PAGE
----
Aug 2016

83

8

78

14

-6

47.0

 

* The Inventories, Customers' Inventories, Prices, Backlog of Orders, New Export Orders and Imports Indexes do not meet the accepted criteria for seasonal adjustments.

Buying Policy
Average commitment lead time for Capital Expenditures decreased in November by 3 days to 133 days. Average lead time for Production Materials decreased by 5 days to 59 days. Average lead time for Maintenance, Repair and Operating (MRO) Supplies remained the same at 31 days.

Percent Reporting









Capital Expenditures

Hand-to-Mouth

30 Days

60 Days

90 Days

6 Months

1 Year+

Average Days

Nov 2016

20

10

12

17

23

18

133

Oct 2016

19

11

10

18

23

19

136

Sep 2016

18

12

9

16

30

15

132

Aug 2016

22

6

13

19

24

16

129

Production Materials

Hand-to-Mouth

30 Days

60 Days

90 Days

6 Months

1 Year+

Average Days

Nov 2016

17

35

25

14

7

2

59

Oct 2016

12

38

24

16

7

3

64

Sep 2016

15

35

25

16

7

2

60

Aug 2016

15

38

22

15

8

2

60

MRO Supplies

Hand-to-Mouth

30 Days

60 Days

90 Days

6 Months

1 Year+

Average Days

Nov 2016

40

34

18

7

1

0

31

Oct 2016

41

34

17

7

1

0

31

Sep 2016

38

35

18

9

0

0

31

Aug 2016

40

39

13

8

0

0

29

 

About This Report
DO NOT CONFUSE THIS NATIONAL REPORT with the various regional purchasing reports released across the country. The national report's information reflects the entire United States, while the regional reports contain primarily regional data from their local vicinities. Also, the information in the regional reports is not used in calculating the results of the national report. The information compiled in this report is for the month of November 2016.

The data presented herein is obtained from a survey of manufacturing supply executives based on information they have collected within their respective organizations. ISM® makes no representation, other than that stated within this release, regarding the individual company data collection procedures. The data should be compared to all other economic data sources when used in decision-making.

Data and Method of Presentation
The Manufacturing ISM® Report On Business® is based on data compiled from purchasing and supply executives nationwide. Membership of the Manufacturing Business Survey Committee is diversified by NAICS, based on each industry's contribution to gross domestic product (GDP). Manufacturing Business Survey Committee responses are divided into the following NAICS code categories: Food, Beverage & Tobacco Products; Textile Mills; Apparel, Leather & Allied Products; Wood Products; Paper Products; Printing & Related Support Activities; Petroleum & Coal Products; Chemical Products; Plastics & Rubber Products; Nonmetallic Mineral Products; Primary Metals; Fabricated Metal Products; Machinery; Computer & Electronic Products; Electrical Equipment, Appliances & Components; Transportation Equipment; Furniture & Related Products; and Miscellaneous Manufacturing (products such as medical equipment and supplies, jewelry, sporting goods, toys and office supplies).

Survey responses reflect the change, if any, in the current month compared to the previous month. For each of the indicators measured (New Orders, Backlog of Orders, New Export Orders, Imports, Production, Supplier Deliveries, Inventories, Customers' Inventories, Employment and Prices), this report shows the percentage reporting each response, the net difference between the number of responses in the positive economic direction (higher, better and slower for Supplier Deliveries) and the negative economic direction (lower, worse and faster for Supplier Deliveries), and the diffusion index. Responses are raw data and are never changed. The diffusion index includes the percent of positive responses plus one-half of those responding the same (considered positive).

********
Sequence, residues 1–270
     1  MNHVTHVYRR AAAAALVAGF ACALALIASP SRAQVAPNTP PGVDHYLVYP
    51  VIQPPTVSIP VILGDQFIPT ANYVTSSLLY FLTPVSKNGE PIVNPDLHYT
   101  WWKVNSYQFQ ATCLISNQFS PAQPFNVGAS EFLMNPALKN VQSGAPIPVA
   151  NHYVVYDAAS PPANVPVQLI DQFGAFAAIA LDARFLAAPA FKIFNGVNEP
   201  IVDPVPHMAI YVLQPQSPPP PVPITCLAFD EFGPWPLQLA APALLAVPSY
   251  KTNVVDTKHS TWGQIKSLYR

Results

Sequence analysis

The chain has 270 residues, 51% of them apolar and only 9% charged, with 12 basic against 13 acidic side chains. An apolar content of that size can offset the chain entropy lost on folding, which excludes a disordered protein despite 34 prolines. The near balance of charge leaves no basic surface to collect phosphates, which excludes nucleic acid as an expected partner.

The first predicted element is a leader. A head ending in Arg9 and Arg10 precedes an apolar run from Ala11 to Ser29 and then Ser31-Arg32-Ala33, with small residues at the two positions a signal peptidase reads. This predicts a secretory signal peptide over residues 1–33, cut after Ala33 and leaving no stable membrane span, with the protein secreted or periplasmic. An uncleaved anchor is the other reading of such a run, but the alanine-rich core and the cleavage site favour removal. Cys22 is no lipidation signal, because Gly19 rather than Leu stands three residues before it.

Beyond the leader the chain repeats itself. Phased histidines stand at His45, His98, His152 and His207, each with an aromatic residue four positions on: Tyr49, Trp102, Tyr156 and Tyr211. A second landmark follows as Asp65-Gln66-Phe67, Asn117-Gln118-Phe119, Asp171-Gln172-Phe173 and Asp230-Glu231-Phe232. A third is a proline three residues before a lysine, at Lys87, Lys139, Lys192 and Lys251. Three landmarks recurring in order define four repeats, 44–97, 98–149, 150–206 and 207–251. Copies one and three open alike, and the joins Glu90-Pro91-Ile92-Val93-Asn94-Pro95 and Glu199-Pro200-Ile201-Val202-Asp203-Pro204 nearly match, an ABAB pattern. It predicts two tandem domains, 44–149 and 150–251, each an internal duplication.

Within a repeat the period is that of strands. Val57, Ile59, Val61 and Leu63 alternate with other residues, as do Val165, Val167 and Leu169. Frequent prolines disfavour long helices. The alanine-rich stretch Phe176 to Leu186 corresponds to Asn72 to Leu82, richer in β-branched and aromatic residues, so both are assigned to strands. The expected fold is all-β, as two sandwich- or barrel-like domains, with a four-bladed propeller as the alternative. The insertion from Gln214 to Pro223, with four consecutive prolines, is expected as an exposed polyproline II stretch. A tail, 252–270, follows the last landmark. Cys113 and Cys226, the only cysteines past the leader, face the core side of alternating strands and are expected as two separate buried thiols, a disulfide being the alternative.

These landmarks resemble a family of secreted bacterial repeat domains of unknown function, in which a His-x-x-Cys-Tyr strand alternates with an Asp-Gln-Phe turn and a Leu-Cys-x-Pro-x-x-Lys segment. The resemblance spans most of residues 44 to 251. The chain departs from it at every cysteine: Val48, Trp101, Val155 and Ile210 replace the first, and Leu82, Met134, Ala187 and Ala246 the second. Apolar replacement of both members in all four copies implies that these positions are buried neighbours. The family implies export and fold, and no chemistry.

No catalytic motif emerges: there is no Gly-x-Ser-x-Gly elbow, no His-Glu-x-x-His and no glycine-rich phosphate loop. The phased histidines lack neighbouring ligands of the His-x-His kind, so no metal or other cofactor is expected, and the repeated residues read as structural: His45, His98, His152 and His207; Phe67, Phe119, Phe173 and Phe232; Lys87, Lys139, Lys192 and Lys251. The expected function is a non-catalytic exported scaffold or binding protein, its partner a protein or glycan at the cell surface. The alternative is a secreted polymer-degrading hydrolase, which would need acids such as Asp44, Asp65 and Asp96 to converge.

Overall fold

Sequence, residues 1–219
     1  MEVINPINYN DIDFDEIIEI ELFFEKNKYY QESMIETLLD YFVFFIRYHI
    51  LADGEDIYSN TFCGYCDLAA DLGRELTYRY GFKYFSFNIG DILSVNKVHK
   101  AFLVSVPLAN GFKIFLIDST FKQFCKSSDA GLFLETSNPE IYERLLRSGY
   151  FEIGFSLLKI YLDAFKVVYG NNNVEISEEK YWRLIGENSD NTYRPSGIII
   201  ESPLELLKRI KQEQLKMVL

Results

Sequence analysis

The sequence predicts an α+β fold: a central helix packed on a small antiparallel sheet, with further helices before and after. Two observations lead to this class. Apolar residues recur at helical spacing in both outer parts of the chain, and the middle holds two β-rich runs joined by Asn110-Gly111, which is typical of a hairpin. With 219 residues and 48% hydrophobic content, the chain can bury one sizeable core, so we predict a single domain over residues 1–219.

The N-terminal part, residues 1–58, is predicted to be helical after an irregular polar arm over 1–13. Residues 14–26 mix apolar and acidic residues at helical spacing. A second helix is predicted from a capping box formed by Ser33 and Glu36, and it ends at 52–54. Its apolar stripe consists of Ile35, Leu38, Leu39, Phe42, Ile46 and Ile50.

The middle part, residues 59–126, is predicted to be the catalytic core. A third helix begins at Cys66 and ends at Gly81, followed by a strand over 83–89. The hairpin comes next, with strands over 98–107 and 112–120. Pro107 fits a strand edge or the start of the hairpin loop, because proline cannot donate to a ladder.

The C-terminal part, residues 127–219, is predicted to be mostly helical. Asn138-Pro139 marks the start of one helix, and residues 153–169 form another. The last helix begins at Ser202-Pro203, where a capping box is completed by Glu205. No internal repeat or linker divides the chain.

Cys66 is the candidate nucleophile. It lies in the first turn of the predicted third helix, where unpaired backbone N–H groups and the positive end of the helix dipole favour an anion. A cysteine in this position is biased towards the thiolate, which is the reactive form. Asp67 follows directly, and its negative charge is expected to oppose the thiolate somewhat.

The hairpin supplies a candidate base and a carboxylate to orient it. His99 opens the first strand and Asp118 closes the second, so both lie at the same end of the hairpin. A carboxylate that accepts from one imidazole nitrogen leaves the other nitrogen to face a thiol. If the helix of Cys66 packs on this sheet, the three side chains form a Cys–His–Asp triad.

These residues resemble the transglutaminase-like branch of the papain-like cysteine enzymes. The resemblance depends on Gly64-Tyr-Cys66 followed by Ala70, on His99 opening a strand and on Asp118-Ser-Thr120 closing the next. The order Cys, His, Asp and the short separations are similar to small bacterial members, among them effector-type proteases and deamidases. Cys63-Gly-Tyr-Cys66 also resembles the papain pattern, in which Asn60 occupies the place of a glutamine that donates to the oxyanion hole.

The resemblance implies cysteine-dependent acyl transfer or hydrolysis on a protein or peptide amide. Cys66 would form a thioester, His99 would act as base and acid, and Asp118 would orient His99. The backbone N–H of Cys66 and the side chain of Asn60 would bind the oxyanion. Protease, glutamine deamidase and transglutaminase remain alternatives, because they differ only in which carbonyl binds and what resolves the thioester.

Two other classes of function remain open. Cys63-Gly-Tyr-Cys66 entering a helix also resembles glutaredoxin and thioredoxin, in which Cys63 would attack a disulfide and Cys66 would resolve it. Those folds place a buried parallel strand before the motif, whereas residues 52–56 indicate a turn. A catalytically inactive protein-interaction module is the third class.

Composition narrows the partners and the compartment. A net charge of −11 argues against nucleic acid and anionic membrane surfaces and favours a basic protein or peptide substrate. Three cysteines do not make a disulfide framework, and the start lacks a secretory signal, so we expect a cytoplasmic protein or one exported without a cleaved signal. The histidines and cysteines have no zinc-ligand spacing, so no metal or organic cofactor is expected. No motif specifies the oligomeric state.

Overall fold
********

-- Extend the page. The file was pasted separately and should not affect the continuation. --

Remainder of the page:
The resulting single index number for those meeting the criteria for seasonal adjustments (PMI®, New Orders, Production, Employment and Supplier Deliveries) is then seasonally adjusted to allow for the effects of repetitive intra-year variations resulting primarily from normal differences in weather conditions, various institutional arrangements, and differences attributable to non-moveable holidays. All seasonal adjustment factors are subject annually to relatively minor changes when conditions warrant them. The PMI® is a composite index based on the diffusion indexes of five of the indexes with equal weights: New Orders (seasonally adjusted), Production (seasonally adjusted), Employment (seasonally adjusted), Supplier Deliveries (seasonally adjusted), and Inventories.

Diffusion indexes have the properties of leading indicators and are convenient summary measures showing the prevailing direction of change and the scope of change. A PMI® reading above 50 percent indicates that the manufacturing economy is generally expanding; below 50 percent indicates that it is generally declining. A PMI® above 43.2 percent, over a period of time, indicates that the overall economy, or gross domestic product (GDP), is generally expanding; below 43.2 percent, it is generally declining. The distance from 50 percent or 43.2 percent is indicative of the strength of the expansion or decline. With some of the indicators within this report, ISM® has indicated the departure point between expansion and decline of comparable government series, as determined by regression analysis.

The Manufacturing ISM® Report On Business® survey is sent out to Manufacturing Business Survey Committee respondents the first part of each month. Respondents are asked to ONLY report on information for the current month. ISM® receives survey responses throughout most of any given month, with the majority of respondents generally waiting until late in the month to submit responses in order to give the most accurate picture of current business activity. ISM® then compiles the report for release on the first business day of the following month.